CR 16:51-59 (2000)  -  doi:10.3354/cr016051

Severe summer rainfall in China associated with enhanced global warming

Dao-Yi Gong1,*, Shao-Wu Wang2

1Key Laboratory for Environmental Change and Natural Disaster Research, China Ministry of Education, Institute of Resources Science, Beijing Normal University, 100875 Beijing, China
2Department of Geophysics, Peking University, 100871 Beijing, China
*E-mail:

ABSTRACT: Trends of extreme wet and dry conditions during recent decades were examined using observed data for eastern China. Mean precipitation for the region has shown a significant downward trend from the 1950s to the mid-1970s, and a positive trend since the late 1970s. The change in trend since the late 1970s, i.e. the period during which enhanced global warming emerged, is most prominent. The linear trend of the mean summer rainfall anomalies over the 4 subregions studied was +7.5% decade-1. Changes in the trend of severe wet and dry events are not symmetrical. During the period 1977-1998, the number of severe wet stations increased at the rate of 20.3 decade-1, but the trend for severe dry events was only -5.4 decade-1. Similar rainfall changes can be found over many global land areas. The summer rainfall in eastern China showed only a negligible secular trend during the period 1880-1998. However, the decadal variations were clear. The mean rainfall in 1990-1998 was higher than for any other decade in the last 100 yr. The linear trend of the 33-station mean during 1977-1998 was +47.5 mm decade-1; such a strong increase is unprecedented in the record since 1880. Decadal variations and global warming may both play important roles in the recent significant increase in summer rainfall. This paper also presents the results of greenhouse and/or aerosol forcing experiments, in which summer precipitation over eastern China is generally estimated to rise. There are many uncertainties, however, in the regional precipitation simulations. For example, the modeled rainfall is sensitive to whether aerosols are included or not. Further research is needed to determine whether there is a substantial relationship between the rainfall changes in China and global greenhouse warming.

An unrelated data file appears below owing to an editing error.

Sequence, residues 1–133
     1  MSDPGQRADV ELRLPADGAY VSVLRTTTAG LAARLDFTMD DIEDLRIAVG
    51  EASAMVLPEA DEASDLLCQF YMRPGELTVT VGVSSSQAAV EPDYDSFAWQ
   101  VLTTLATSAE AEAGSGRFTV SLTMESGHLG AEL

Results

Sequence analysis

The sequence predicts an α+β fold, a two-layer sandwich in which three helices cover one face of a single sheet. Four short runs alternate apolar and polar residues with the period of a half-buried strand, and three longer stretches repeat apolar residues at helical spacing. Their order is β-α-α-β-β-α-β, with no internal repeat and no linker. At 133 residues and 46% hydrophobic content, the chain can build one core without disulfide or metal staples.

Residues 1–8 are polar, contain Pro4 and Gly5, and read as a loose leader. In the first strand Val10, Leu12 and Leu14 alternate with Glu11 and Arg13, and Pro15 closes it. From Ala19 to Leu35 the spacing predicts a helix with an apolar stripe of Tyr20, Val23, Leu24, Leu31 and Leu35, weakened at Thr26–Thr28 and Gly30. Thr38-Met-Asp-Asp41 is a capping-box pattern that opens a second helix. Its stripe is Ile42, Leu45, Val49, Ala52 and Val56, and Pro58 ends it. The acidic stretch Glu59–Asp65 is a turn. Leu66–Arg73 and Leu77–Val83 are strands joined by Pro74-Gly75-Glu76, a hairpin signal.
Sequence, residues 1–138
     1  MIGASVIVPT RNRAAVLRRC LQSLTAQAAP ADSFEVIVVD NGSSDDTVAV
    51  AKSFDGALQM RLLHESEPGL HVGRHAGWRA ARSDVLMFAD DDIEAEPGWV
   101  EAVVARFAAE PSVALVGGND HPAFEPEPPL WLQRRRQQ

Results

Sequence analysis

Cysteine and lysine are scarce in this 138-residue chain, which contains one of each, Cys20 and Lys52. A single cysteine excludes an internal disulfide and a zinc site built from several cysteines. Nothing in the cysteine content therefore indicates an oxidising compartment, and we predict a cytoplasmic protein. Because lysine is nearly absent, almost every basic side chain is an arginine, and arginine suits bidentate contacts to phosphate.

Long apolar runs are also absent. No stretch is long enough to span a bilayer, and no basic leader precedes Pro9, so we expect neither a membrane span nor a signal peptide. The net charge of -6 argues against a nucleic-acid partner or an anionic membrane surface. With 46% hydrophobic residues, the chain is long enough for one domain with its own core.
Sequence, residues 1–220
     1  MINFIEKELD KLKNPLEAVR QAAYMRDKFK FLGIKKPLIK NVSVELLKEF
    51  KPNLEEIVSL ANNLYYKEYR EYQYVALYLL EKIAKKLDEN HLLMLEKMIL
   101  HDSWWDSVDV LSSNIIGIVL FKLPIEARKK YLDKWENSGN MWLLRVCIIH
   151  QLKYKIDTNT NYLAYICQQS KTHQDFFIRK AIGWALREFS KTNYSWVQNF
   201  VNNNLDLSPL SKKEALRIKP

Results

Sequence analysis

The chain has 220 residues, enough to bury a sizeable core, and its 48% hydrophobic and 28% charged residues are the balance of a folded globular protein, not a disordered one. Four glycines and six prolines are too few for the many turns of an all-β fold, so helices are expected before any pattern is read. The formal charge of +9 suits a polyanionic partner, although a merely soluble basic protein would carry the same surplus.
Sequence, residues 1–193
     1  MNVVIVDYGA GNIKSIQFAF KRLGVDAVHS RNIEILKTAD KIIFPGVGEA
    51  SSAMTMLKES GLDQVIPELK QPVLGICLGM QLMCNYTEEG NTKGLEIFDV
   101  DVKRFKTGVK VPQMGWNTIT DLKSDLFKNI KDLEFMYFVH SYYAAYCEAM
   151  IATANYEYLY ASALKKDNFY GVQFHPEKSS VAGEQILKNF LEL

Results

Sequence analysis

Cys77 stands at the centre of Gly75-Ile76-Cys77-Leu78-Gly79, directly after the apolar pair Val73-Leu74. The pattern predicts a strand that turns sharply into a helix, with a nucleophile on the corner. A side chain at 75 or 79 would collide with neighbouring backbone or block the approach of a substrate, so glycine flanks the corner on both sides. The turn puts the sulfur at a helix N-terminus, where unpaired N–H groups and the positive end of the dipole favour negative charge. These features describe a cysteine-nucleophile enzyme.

KEY WORDS: Severe summer rainfall · Global warming · China


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